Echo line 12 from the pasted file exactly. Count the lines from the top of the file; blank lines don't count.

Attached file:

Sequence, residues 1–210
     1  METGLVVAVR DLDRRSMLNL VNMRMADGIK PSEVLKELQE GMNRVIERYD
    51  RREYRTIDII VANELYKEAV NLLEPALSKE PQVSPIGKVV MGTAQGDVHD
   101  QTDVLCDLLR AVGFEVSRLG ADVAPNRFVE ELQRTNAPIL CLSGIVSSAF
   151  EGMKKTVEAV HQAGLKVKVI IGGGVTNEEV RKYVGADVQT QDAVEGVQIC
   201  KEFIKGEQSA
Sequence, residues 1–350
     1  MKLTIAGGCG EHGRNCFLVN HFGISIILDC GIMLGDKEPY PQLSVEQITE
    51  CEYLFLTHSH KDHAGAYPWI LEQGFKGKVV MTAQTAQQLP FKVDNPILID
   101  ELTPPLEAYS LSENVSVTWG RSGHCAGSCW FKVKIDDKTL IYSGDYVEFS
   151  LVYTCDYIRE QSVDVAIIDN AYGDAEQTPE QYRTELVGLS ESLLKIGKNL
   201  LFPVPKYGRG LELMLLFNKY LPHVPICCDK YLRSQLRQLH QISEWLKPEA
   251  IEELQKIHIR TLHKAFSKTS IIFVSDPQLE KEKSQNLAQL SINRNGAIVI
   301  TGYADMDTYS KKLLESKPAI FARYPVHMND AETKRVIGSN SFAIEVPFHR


   201  LFPVPKYGRG LELMLLFNKY LPHVPICCDK YLRSQLRQLH QISEWLKPEA